By the side of the house, a bold oak shaded the playroom that Nanu had built for me when I was four, just before he died. The tree was nearly twice as tall as our two-story house and functioned as its landmark. In our rural surroundings its rustling leaves were sometimes the only sound.
I felt Nanu’s presence in my playroom, and in his black-and-white portrait that hung on the living room wall. Nana would stand in front of his image and whisper to him.
Other than me, my grandfather’s greatest pleasure was photography. When I was seven years old, I discovered a case of his cameras deep in my bedroom closet—a trove of formats, flashes and film. I felt compelled to use them. The intrigue was laced with thrill because they were Nanu’s and because I couldn’t be caught. Nana wouldn’t have approved. Children shouldn’t play with such valuable objects.
For my tenth birthday, my mother surprised me with my first camera, a Kodak Disc, much simpler than those in Nanu’s case. I took snapshots of family, like I watched Nanu do when I was younger, though his were candid and mine were posed. I didn’t start photographing the landscape until I was in graduate school, many years later. I tried other subjects first—couples, constructed spaces—but the land had the truest resonance. It embodied the love and wonder that Nana silently conveyed when we stood together looking at the countryside.
When I was twenty years old, I moved to New York City to study and often went home to see Nana. We would sit at the kitchen table in our usual chairs: Nana faced the door and I faced the window. When we spoke, it was about the life I was building in my new home and how to protect the life that Nana was losing to dementia. She hoarded empty boxes in my bedroom closet and left an open flame on the stove. She imagined men watching her in the night. Little girls with cats, she said, wandered the house in the day.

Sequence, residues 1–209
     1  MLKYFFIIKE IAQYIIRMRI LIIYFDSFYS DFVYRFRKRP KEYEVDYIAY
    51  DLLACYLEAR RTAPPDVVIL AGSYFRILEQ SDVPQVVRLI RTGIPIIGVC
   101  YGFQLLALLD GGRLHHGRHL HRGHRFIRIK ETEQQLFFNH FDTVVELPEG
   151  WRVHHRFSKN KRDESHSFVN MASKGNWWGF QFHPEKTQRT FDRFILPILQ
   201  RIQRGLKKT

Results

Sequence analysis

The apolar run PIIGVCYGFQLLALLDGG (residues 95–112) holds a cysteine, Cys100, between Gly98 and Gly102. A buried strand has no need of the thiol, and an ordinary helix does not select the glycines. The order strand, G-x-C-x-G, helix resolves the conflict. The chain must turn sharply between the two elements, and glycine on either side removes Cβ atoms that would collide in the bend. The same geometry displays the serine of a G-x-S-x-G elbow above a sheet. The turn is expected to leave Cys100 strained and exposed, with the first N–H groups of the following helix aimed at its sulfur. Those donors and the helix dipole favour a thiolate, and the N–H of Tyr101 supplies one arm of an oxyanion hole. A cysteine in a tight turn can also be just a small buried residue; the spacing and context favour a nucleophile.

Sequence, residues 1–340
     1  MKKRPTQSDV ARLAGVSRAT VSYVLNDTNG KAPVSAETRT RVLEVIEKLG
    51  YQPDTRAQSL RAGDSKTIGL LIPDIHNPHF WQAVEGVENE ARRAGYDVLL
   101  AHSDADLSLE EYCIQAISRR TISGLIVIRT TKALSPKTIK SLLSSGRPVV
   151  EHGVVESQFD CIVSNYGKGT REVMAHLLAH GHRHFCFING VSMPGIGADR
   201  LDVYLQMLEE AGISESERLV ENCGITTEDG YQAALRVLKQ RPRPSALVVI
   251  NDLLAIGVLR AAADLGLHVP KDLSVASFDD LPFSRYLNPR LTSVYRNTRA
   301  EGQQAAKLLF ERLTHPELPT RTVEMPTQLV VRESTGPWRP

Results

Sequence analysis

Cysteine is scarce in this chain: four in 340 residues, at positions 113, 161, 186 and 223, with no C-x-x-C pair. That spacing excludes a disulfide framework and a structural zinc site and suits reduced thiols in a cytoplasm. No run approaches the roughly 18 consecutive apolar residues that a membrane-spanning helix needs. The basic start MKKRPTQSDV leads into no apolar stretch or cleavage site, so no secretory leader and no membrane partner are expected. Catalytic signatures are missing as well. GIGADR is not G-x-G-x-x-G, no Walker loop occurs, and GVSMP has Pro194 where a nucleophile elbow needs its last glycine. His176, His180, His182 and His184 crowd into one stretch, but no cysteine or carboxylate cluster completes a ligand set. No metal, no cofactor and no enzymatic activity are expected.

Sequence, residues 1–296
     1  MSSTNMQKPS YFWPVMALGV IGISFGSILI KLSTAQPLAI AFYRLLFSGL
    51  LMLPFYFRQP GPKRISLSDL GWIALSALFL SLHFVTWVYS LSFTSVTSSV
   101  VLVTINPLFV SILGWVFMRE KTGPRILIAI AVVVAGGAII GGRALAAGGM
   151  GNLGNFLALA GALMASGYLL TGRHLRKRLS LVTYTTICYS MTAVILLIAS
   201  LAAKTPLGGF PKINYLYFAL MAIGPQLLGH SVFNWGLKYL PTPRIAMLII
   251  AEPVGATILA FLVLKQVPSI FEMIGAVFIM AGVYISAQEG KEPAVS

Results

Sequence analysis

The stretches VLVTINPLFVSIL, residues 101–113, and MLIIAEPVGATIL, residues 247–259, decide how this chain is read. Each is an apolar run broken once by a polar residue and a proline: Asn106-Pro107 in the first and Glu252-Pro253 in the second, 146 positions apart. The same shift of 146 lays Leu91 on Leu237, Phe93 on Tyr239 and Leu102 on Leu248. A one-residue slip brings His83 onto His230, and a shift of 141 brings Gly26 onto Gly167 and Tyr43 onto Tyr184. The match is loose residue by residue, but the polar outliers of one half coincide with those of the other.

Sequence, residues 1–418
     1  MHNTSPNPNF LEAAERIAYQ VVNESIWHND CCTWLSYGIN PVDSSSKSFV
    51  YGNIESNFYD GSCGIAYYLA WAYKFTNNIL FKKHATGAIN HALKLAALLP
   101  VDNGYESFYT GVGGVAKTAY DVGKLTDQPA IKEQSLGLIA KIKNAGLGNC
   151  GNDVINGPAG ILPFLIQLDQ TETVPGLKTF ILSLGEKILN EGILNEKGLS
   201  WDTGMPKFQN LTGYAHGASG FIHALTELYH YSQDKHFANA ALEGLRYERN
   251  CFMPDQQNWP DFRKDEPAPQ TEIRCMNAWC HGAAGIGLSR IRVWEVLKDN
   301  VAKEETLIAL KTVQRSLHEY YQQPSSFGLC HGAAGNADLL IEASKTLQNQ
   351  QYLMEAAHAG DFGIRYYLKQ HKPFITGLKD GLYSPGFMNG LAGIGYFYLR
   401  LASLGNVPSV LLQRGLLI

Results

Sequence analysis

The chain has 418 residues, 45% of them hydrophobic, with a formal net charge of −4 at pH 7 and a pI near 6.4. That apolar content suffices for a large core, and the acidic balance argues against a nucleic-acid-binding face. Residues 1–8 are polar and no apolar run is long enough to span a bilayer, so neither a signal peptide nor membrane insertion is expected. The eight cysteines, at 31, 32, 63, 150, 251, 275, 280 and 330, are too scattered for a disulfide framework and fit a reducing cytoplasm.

Nana spent the last year of her life in a nursing home splayed in a mauve geriatric chair wearing vibrant tropical-print dresses. She no longer knew what covered her skin and bones. Her view was the dropped ceiling, not the beauty of the outdoors. Her pink scalp added color to her otherwise gray complexion. Though my grandmother was barely recognizable, I still didn’t want to lose her. Her death would be the end of our bond that fortified me.
The last time I saw Nana alive was in July 2007, right before I moved to Barcelona. She didn’t see me. Her eyes stayed clenched shut, her body shuddered beneath my touch. “I love you, Nana,” I said. Over the years, as her cognition failed, I relied less on our mother tongue of silence. “I came to say goodbye, Nana.”
When I left for Spain, I took Nana’s pie spatula, its red paint always chipping into the desserts I served, and a small cardboard book of her gold-eyed sewing needles. Out of the original fifty, there were nine left. A constellation of pinpricks dotted the paper—a code of absence. I wore her wedding band that she gave me when I moved away from home. Once I settled in Barcelona, I took my camera into the landscape around the Llobregat River and found a tree like the one that shaded my childhood playroom. My camera’s antique viewfinder was framed in stained wood, like our old kitchen window. When I ducked under the dark cloth to sharpen the focus, there was Nana.